Integrative Physiology and BehaviorJournalSensory Systems

The good, the bad, and the hungry: how the central brain codes odor valence to facilitate food approach in Drosophila

Elements along the olfactory neural pathways that support approach behavior (green), avoidance behavior (red) or that are modulated as a function of satiety state (blue).

All animals must eat in order to survive but first they must successfully locate and appraise food resources in a manner consonant with their needs. To accomplish this, external sensory information, in particular olfactory food cues, need to be detected and appropriately categorized. Recent advances in Drosophila point to the existence of parallel processing circuits within the central brain that encode odor valence, supporting approach and avoidance behaviors. Strikingly, many elements within these neural systems are subject to modification as a function of the fly’s satiety state. In this review we describe those advances and their potential impact on the decision to feed.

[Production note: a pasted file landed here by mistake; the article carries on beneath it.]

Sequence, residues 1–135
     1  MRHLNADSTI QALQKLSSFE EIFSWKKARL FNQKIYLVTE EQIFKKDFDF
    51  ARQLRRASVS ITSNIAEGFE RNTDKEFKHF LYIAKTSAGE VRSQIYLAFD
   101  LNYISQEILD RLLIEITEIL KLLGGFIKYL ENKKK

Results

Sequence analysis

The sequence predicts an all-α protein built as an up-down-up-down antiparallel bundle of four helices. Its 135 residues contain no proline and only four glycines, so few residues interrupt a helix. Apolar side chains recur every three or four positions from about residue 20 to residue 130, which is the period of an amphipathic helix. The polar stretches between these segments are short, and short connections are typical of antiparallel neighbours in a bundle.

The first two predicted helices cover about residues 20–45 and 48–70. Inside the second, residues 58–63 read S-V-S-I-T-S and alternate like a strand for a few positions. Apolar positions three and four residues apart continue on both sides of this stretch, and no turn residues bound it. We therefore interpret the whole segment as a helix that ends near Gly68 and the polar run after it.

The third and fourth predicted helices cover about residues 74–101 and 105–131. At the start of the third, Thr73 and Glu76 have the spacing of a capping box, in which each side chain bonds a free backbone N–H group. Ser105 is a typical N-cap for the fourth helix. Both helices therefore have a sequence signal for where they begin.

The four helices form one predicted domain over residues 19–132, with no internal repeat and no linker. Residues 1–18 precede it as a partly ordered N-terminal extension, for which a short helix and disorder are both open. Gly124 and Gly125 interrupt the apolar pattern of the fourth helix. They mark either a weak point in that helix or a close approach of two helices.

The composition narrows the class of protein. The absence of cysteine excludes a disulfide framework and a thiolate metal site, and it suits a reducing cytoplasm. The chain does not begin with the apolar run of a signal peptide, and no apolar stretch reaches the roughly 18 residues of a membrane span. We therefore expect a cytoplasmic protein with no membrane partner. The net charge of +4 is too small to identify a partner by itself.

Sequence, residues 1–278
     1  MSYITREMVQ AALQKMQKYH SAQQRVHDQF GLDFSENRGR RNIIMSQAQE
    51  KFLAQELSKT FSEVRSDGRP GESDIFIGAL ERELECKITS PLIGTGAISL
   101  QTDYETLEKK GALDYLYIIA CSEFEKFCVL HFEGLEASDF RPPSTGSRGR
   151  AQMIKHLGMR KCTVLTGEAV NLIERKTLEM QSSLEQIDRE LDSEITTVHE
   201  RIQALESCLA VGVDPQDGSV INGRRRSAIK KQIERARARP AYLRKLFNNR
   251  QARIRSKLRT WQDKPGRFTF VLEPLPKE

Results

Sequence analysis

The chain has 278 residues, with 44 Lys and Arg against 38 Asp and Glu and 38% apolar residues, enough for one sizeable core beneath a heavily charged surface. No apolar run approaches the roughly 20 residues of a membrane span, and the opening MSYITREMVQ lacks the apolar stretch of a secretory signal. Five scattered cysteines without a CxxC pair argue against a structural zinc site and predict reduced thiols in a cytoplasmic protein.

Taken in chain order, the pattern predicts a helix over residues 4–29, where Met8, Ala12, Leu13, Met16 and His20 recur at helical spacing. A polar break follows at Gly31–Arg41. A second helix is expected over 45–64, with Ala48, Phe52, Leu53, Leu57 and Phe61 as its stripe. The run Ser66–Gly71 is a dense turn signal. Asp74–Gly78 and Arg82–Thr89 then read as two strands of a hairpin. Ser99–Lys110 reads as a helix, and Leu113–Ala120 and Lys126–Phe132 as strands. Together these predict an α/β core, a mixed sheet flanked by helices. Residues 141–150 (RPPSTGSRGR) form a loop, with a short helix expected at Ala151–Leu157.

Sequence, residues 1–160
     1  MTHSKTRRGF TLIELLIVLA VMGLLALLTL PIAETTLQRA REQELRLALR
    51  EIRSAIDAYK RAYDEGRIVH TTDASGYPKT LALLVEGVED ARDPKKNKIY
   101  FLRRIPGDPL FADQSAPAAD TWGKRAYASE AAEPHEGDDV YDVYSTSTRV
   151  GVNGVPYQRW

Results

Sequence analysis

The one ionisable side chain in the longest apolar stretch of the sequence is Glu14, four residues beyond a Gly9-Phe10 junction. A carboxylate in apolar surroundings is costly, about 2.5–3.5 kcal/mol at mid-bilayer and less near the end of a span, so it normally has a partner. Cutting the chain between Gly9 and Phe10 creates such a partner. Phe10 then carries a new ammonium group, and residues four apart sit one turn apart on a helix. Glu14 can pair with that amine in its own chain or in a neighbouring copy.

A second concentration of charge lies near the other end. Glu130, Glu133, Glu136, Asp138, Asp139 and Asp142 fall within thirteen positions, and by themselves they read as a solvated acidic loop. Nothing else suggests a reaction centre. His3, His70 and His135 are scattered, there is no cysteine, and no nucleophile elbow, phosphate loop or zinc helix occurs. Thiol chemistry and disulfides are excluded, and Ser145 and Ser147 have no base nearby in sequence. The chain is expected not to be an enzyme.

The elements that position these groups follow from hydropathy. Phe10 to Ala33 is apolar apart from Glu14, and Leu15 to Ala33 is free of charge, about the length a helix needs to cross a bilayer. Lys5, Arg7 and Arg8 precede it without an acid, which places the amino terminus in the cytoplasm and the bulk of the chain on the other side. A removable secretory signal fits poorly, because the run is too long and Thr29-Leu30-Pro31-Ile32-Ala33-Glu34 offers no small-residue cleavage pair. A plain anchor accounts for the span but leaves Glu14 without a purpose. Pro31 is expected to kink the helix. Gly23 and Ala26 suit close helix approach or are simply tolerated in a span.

Sachse S, Beshel J. Current Opinion in Neurobiology 2016, 40:53–58
DOI: https://dx.doi.org/10.1016/j.conb.2016.06.012